The long-awaited return of football is finally here


An overhead shot of Spartan Stadium/Photo Credit: MSU Athletic Communications)

Nathan Stearns, Football Beat Reporter

EAST LANSING – The heart-wrenching, head-pounding, emotionally-draining tango with the Big Ten resuming football has finally reached its inglorious end. 


Early on Wednesday morning, the Big Ten released a statement confirming numerous reports that football would resume during the weekend of Oct. 23-24. Daily antigen testing and having a Chief Infection Officer for each university monitor the testing protocol was instrumental in ending the 43-day postponement. 

While there are sure to be some hiccups along the way, like requiring COVID-19 positive players to sit out for three weeks and making teams postpone practice and contests if more than 5% of players on the roster test positive, the Big Ten finally has a comprehensive plan. 

Athletes who test positive for COVID-19 will have the luxury of being isolated quickly since the new antigen test can spit out a result in a matter of hours. As Wisconsin athletic director Barry Alvarez said, the fact that players can eat breakfast and have a result come back before they are done eating is indeed a “game-changer.” 

Furthermore, the fact that athletes who test positive for the coronavirus will be subjected to rigorous heart screening is a measure that helps to assuage the fears of myocarditis, inflammation of the heart. The testing protocols rolled out by the conference today are detailed, thorough and comprehensive.

“I support this decision to allow a modified football season,” Michigan State president Samuel L. Stanley said. “With all that we’ve learned about the rapid response testing, and from other athletic leagues both professional and collegiate. I feel more confident that we can collectively play football while still keeping our student-athletes, coaches and staff safe. “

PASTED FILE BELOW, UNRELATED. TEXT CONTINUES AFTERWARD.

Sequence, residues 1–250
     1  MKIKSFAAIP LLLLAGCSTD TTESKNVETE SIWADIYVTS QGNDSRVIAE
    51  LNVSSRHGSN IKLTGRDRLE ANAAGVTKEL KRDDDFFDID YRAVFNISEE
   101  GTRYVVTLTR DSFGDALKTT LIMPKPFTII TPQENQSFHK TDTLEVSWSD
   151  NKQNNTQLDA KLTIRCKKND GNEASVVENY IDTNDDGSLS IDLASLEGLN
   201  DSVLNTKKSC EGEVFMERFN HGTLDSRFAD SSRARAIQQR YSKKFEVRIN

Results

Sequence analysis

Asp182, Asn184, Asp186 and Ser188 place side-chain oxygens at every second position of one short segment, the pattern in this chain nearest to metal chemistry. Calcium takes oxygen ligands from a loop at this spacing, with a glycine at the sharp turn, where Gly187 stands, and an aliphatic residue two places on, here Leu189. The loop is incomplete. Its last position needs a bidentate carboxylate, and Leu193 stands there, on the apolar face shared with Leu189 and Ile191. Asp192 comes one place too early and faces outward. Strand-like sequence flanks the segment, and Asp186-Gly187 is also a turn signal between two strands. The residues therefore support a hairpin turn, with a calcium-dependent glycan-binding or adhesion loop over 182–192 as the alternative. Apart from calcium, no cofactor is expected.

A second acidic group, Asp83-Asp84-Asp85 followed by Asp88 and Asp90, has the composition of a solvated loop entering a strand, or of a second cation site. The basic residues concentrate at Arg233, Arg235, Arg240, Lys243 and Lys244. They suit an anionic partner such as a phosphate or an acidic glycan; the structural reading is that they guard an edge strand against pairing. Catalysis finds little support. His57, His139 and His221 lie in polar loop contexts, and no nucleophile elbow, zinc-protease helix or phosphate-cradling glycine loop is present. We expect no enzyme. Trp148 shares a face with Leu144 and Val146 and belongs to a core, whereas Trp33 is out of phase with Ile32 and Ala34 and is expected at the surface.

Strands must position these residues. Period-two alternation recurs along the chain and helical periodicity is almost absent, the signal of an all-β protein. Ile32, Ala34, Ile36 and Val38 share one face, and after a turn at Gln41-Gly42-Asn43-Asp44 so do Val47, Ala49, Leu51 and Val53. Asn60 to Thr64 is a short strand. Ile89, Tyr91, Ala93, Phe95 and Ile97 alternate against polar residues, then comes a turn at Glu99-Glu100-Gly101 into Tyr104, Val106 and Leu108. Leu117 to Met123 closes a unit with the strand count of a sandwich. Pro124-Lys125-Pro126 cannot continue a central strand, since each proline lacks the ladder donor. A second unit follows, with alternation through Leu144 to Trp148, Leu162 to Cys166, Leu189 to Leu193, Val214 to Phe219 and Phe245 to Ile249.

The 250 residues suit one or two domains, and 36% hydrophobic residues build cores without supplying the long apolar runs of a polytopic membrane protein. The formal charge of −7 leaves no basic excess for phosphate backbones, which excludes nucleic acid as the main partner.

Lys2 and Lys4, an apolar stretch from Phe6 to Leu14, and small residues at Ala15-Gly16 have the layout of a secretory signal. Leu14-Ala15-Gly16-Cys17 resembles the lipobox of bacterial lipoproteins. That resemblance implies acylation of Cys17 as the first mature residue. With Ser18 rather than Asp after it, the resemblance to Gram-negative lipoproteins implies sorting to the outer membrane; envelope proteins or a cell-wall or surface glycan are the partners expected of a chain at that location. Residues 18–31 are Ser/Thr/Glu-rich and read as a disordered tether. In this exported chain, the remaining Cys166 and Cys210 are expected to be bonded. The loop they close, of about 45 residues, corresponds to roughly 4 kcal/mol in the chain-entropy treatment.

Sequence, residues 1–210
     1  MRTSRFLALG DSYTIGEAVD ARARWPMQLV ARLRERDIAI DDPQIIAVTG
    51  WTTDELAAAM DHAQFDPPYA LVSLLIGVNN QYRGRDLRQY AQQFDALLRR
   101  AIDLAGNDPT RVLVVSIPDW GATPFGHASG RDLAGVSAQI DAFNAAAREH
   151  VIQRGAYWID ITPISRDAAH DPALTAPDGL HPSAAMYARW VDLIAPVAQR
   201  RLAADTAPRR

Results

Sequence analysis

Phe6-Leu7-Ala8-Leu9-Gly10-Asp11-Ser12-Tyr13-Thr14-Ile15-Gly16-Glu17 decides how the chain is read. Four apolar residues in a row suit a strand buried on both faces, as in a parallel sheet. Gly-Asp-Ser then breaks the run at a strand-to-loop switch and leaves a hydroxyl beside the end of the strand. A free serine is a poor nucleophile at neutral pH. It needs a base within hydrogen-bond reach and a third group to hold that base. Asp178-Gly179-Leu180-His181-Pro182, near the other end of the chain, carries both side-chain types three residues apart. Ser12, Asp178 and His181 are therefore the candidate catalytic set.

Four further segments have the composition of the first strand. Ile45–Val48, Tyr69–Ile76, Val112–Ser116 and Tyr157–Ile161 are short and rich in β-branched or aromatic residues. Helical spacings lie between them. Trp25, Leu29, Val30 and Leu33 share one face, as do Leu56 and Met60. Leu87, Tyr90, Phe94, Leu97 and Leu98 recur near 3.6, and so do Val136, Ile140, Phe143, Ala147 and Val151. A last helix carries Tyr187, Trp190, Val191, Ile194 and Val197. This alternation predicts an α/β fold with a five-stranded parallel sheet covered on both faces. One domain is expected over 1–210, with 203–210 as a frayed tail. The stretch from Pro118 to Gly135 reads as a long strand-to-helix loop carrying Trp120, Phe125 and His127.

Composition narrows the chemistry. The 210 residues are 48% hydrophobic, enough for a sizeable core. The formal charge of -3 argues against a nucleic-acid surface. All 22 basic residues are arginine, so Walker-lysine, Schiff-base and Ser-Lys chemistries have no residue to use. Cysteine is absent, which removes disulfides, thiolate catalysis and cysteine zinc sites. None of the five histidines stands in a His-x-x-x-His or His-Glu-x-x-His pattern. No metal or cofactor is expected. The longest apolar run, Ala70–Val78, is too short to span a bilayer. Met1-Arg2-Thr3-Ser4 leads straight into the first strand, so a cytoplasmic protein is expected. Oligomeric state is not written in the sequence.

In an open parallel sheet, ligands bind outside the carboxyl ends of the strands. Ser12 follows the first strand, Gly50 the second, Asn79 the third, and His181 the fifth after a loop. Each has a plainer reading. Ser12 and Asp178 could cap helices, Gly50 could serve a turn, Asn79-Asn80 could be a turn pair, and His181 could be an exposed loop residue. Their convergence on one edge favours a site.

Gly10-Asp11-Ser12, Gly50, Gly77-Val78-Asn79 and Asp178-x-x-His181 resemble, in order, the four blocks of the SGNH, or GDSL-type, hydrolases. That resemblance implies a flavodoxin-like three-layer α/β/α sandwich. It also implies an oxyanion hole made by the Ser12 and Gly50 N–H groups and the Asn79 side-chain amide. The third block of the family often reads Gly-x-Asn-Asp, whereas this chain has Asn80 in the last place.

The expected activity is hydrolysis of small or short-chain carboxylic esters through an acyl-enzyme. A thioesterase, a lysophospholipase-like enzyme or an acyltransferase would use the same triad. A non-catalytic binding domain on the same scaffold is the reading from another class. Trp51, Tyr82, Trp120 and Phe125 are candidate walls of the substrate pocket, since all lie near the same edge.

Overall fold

Michigan State President Samuel L. Stanley/Photo Courtesy: MSU University Communications

“MSU will adhere to the regulations put forth by the Big Ten Conference to move forward in a safe and thoughtful manner.”

Big Ten Commissioner Kevin Warren was thrown through the wringer for a lack of transparency regarding the Big Ten’s decision to postpone all fall sports on Aug. 11. Unlike the Pac-12, which released several medical documents pertaining to fears over Myocarditis and other unknown consequences of the virus, the Big Ten remained quiet despite deafening pleas for clarity. 

First, there was a vote. Then, apparently, a “consensus was reached.” Afterward, it became public knowledge that head coaches and athletic directors didn’t even have a say in the final decision. The Big Ten dropped the ball in this process quite a bit, especially considering the fact that the ACC, SEC and Big 12 were going full-steam ahead. In Michigan, for instance, it’s a bad look when high school kids can resume fall athletics but Michigan and Michigan State athletes cannot. 

However, today is not a day for bitterness. In a little over one month, the Big Ten will be resuming America’s pastime right as the leaves turn yellow and the weather becomes a bit nipper. In a word, normalcy.

Since COVID-19 has upended everything in its sight, most, including myself, were resigned to the idea of a spring football season. I wasn’t sure that the Big Ten would be able to even get on the same page regarding return to play protocols since everything up to this point has been a disheveled mess, but they found a way. 

Granted, “finding a way” meant making everything as difficult and arduous as possible, but the end result is the same, football has made its triumphant entrance. The Midwest will have college football this season. Michigan State fans will be able to see the long-awaited debut of new head coach Mel Tucker, taking over for the program’s all-time winningest coach Mark Dantonio.

“As an athletic department, our goal is to provide opportunities for student-athletes and I’m thrilled that our football student-athletes will have the opportunity to play this fall,” Michigan State athletic director Bill Beekman said. “In pursuit of those goals, the first priority is always the health and safety of our student-athletes.”

“With the recent advances in rapid response testing and with stringent medical protocols in place, we are able to provide athletic opportunities while keeping the health of our student-athletes as a foremost principle.”

This season isn’t about a win-loss record. Instead, fans should rejoice at the prospect of even having football to watch. Michigan State fans should find solace in the fact that the Mel Tucker debut tour will go on, even if only for nine games. 

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Playing football in the snow and wind in the Midwest is as American as eating hot dogs and apple pie on the Fourth of July. Who really cares about how well the team does? The fact that things are slowly returning to normal should be cause for celebration.   

In a time when up is down, and left is right, any sense of normalcy is simply sublime. 

After all, football is back.